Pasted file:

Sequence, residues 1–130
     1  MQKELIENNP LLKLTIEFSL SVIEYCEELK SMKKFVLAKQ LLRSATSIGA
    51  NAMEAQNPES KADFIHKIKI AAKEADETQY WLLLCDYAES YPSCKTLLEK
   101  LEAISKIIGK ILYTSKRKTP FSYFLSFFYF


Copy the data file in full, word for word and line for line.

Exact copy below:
Sequence, residues 1–130
     1  MQKELIENNP LLKLTIEFSL SVIEYCEELK SMKKFVLAKQ LLRSATSIGA
    51  NAMEAQNPES KADFIHKIKI AAKEADETQY WLLLCDYAES YPSCKTLLEK
   101  LEAISKIIGK ILYTSKRKTP FSYFLSFFYF